Can you be 15 and get a tattoo?

I don’t know if that’s a good question, but I do know a few things about my childhood that I don’t feel very proud of.

I don’t think I could go back and do anything differently. But I did do one other thing [to try out for the band], and I don’t think that was a good idea.

I was only allowed to go to one gym for about 10 days, so I went to the New York City gym and I trained for a week. I never went in there [on the set] with anyone but the writers [from the show]. And I don’t think I had a whole lot of fun.

I actually met someone in the gym who had taken three years off from working out to do this, and it was so bad I’m sure they didn’t have very good arms. It was definitely bad. [Laughs.]

How did the characters from the show come about?

It was always something we were talking about. One day it was like, “Let’s do like a version of ‘The Fresh Prince of Bel-Air.'” And it got pretty dark, so we weren’t sure how we would write. And then the two people who were there said to us, “It’d go like: Malcolm [Johnson or Malcolm McDowell] is a white kid that gets into a bunch of trouble at the end.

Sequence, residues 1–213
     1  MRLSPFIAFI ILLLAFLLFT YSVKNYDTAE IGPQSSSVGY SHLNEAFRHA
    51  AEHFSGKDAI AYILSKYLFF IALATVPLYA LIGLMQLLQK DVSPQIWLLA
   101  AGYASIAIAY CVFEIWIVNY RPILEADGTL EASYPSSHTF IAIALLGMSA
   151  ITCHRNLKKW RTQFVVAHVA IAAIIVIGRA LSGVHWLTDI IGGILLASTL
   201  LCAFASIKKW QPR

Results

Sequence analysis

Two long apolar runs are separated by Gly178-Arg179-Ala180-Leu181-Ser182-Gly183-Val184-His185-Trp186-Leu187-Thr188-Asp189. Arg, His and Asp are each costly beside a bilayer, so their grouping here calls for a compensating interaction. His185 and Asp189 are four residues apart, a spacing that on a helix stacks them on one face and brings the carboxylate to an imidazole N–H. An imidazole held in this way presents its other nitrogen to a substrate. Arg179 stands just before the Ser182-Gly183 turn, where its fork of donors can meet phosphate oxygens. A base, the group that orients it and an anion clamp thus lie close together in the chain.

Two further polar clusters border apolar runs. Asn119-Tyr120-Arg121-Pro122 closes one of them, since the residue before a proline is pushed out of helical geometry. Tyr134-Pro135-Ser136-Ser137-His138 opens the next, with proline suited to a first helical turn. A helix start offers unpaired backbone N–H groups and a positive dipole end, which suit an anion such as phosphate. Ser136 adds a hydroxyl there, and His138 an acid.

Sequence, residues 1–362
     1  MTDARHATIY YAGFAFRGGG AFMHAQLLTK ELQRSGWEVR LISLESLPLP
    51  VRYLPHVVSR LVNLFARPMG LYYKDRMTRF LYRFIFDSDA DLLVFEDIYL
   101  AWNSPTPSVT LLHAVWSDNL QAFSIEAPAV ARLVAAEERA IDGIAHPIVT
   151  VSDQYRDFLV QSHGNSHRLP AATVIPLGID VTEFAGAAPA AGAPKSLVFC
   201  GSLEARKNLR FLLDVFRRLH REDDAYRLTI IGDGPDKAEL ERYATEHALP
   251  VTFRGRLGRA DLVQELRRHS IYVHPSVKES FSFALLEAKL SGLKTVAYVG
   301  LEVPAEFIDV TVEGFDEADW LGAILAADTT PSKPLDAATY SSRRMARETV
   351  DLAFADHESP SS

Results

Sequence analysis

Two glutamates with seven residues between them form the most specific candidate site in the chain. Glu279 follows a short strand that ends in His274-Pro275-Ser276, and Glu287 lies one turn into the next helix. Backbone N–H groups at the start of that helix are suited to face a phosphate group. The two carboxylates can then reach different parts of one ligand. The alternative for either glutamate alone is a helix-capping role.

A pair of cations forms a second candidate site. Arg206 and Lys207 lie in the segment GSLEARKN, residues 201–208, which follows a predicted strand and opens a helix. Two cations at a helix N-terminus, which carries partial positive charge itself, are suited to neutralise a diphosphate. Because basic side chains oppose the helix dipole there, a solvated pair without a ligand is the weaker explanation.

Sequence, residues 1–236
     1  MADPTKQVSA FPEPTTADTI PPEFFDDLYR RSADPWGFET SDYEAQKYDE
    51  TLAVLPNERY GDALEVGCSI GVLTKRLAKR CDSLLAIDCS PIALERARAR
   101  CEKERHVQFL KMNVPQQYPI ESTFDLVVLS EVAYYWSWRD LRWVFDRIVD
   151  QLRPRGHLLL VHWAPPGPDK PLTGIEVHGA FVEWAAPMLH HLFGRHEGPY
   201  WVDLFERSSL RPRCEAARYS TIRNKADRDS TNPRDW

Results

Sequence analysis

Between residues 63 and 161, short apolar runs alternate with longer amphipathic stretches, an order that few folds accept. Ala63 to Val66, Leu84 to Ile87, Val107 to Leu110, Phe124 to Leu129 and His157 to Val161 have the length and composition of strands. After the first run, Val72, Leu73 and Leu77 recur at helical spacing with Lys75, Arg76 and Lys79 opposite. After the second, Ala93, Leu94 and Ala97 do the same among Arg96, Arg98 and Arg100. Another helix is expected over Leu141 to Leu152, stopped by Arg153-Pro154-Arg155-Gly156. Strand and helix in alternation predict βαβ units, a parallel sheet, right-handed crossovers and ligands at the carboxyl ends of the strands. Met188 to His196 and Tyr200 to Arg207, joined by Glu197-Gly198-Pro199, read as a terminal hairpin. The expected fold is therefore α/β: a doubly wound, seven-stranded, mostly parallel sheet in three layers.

The way I look at it, there are a lot of white kids in it, so it seems like they don’t have to get into trouble, they just have to fit in.

Then we just said, “Okay, let’s just see which [race] we can do first.” It is a show about race. It’s not about being like, “Look how white everyone here is” or “They’re all the same.” It’s a show about how different people experience racism.

We did [the pilot], like five-minute scenes, like scenes that basically were nothing. It was never anything in the pilot. That is something that we kept in the back of our minds, that we had to find this thing that fit how much a character was likeable. We didn’t have to use a whole lot of that. It was just a matter of finding something that was funny and something that didn’t feel like I was being too mean or hurtful to the character.

How much fun have you had recording the show?

It’s really hard to find moments